In The X-Files, Scully serves as our window into an unfamiliar world.  Her character’s sense of discovery is shared by the audience.  That’s how the device works.

The problems come later, when studios (and let’s be honest, artists) try to bank on the success of a fledgling show or movie.  The sense of audience discovery is gone and so the writers are forced to either vastly redefine the world of the piece or change the narrative mode.

They usually fuck this up.

A good example of this dropping-of-the-proverbial-ball is Men In Black II.  The writers decided not to change anything, perspective wise, and made an hour long movie that bored everyone to tears.

Another example is Jurassic Park II: The Lost World.  Here they tried to switch the narrative mode from Sam Neil to Jeff Goldblum.  It didn’t work.  Movies simply aren’t as fun when the main character and, by extension, the audience, know essentially what is coming.  Steven Speilberg tried to account for this by making the film much darker, but to little avail.

An example of a sequel done well is James Cameron’s Aliens.  He basically built an entire world around Ridley Scott’s very claustrophobic first film and, consequently, the writer’s were able to keep the main character Ripley’s point of view without a loss of discovery.

My favorite example of an awesome shift in point-of-view is the series finale of The Sopranos.  Through the course of that show, the audience was presented with Tony as an object to be studied.  We are always looking at him.  Mostly, we see him through the eyes of his psychiatrist, Dr. Melfi.

Though we may understand the way Tony views an event (although often we are left guessing), but we never see an event through his eyes.

Until the last episode.

Right before the screen goes black, we finally get a glimpse of how it feels to be Tony.  He’s supposed to be enjoying dinner with his family, and on the surface seems to be doing just that.  But when finally given his perspective, we realize just how exhausting and paranoid his life is.  Every sound makes him look up.  Every stranger is a possible assassin.  He’s constantly tense, looking around the room.

(By the way, if you want to read a super-exhaustive explanation of the Soprano’s ending, this guy’s is very popular.  At the beginning, he says he is going to debunk the “Tony’s always looking over his shoulder” interpretation, but, in my opinion, he ends up making that interpretation seem valid.)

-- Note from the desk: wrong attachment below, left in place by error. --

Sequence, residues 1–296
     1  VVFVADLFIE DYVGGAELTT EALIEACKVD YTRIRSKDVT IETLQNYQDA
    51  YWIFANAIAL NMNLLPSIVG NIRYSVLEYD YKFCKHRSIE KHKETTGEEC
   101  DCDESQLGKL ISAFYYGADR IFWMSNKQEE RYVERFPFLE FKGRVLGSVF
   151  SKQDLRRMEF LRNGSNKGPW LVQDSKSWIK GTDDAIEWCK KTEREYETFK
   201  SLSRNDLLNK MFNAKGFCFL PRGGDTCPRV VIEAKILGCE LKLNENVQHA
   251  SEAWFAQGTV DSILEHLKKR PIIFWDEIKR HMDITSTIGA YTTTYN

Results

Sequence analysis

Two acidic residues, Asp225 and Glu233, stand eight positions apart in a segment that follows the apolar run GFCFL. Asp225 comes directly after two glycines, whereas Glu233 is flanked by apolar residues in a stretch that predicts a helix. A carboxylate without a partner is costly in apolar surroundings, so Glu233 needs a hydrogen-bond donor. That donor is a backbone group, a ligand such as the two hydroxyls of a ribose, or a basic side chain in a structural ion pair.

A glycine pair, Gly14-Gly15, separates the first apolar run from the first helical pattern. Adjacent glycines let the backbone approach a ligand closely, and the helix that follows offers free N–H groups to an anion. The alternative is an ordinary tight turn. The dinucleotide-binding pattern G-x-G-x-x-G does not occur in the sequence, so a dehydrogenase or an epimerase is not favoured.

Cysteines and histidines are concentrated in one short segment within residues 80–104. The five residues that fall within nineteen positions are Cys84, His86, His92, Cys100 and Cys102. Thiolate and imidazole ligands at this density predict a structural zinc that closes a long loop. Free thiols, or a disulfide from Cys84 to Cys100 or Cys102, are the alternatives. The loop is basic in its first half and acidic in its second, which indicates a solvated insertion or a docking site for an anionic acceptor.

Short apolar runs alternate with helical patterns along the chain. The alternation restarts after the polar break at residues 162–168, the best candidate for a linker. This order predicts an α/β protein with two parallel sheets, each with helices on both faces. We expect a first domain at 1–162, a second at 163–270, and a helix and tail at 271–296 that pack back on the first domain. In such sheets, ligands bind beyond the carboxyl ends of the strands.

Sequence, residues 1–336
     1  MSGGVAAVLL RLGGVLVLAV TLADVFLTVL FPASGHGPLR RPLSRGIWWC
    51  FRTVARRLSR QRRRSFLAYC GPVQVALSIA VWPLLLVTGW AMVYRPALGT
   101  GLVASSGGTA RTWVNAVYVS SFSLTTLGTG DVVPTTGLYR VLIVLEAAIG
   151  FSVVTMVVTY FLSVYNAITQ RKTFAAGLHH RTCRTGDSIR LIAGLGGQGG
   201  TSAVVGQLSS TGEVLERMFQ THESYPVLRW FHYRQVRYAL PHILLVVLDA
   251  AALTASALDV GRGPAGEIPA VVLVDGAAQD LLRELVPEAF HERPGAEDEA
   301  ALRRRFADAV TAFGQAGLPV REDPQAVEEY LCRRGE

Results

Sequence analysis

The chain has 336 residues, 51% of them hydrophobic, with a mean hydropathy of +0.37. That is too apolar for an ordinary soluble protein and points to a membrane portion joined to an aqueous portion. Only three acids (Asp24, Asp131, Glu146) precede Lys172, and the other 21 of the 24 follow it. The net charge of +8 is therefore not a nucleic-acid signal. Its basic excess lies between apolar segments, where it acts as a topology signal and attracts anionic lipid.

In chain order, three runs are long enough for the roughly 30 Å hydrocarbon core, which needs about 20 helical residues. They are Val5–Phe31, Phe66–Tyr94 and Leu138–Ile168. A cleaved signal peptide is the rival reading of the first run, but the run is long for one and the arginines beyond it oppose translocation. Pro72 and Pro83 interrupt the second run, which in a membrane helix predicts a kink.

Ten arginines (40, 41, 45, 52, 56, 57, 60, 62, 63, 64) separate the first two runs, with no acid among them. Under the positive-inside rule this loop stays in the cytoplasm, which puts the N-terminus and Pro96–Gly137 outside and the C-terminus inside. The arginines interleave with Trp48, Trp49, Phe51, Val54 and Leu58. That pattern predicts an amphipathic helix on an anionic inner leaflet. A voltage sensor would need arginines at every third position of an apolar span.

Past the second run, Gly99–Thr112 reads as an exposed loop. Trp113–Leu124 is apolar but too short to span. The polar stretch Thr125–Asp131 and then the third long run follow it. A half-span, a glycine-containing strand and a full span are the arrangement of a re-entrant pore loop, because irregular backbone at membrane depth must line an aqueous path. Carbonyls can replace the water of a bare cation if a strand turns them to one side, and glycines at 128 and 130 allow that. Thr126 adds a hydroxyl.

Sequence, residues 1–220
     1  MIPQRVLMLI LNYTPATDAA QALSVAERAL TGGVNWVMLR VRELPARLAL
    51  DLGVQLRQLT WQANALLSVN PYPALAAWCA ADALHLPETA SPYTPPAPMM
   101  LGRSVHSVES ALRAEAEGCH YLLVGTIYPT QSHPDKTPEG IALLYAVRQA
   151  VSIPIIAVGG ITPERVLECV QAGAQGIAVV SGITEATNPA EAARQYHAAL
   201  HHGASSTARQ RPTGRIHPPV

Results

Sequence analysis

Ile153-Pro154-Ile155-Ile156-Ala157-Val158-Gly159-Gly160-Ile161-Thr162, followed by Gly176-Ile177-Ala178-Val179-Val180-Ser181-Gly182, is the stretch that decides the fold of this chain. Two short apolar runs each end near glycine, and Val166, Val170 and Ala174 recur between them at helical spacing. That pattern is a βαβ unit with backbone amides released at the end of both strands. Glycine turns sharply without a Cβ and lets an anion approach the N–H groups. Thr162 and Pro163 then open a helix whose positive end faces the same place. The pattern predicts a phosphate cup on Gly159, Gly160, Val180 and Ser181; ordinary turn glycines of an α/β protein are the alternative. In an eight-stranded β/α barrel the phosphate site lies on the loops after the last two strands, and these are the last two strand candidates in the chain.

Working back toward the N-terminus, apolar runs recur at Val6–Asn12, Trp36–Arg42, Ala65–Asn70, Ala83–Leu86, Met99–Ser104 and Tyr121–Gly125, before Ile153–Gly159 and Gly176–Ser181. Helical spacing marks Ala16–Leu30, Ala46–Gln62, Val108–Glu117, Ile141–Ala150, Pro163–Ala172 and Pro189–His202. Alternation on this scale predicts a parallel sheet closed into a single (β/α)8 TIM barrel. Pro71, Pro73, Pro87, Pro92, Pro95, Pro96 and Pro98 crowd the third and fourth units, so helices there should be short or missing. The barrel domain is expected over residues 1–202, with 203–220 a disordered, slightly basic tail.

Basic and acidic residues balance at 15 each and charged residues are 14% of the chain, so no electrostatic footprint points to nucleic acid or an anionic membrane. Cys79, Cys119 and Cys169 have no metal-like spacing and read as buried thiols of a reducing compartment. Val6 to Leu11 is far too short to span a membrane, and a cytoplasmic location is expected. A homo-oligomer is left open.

(I hope this isn’t boring.  This is all I got.)

What makes the X-Files unique is how they subtly shift the narrative mode to Mulder’s perspective without losing Scully’s inner-life.  Juggling two equal first person perspectives is a pretty deft trick and the X-Files manages it with ease.  (Granted, tons of cop and/or buddy shows have done this in the past, but generally there is one straight-laced guy or gal the audience identifies with and a kooky one the audience observes and laughs or cringes at.)

It’s pretty impressive, this split narrative focus.

Unfortunately, a lot of the early episodes feature clunky directing and acting, which can be a little distracting.

That’s the end of the beginning.

I promise the next one will be a little bit more, “here’s what happens in the show” and a little less “film theory 101”.  I just had to get all of that out of my system.

Til then…

They say he only caught touchdowns, but it turns out Chris Carter also wrote and produced one of television’s most beloved dramas….


So I have That Cute Site in my RSS feed. I don’t know why as the site actually annoys me more than anything. I added it to my reader b/c some list of great blogs had it on there. This is a horrible reason. Anyhoo, finally I came across something on the site worth posting. Kinda. Well, not really.

So we were browsing around our cute picture archive, when we spotted this little fella, and much to our surprise he REALLY reminded us of a certain type of bird…

…so with the help of a little Photoshop magic…

angry bird!

Jim Gaffigan is Funny

Jim Gaffigan is the only comedian I like that is completely appropriate for the whole family.

I think.

Or maybe he just seems family-appropriate compared to the rest of the stuff I like?

To be honest with you, I’ve completely lost track of what is appropriate for who and when and where.

Oh well.


U-S-A? (“The Soak” gets Soaked in Sanctimony)

Let’s start with this.

The presumptive goal of the “War on Terror” is to end terrorism.

So, allow me to pose a query (please read in mock-British accent or with a bitterly ironic tone).

Which scenario is more likely to accomplish said goal, to diminish the amount of terrorists and the impact of terrorism around the world:

1.) The United States kills Osama Bin Laden.  People in Afghanistan, Pakistan, Turkmenistan, etc…turn on Al-Jeezera or CNN International or whatever state-run media apparatus they watch, and see the following:

Thousands upon thousands of crazy yahoos flooding into the streets, yelling and screaming, waving flags, and chanting U-S-A like we’d just won the world series.

A Senator from New York, Chuck Schumer, holding up a copy of the Daily News with a picture of Osama Bin Laden and the headline “Rot in Hell”.

The President of the U.S. giving a speech where he sounds like a third grader telling his family how good he was in the school play.

Other newspaper headlines that read “Vengeance at Last”, “The Butcher of 9/11 is Dead”, and “We Got the Bastard” and a picture on CNN (!!!!!) of the Statue of Liberty holding Bin Laden’s severed head.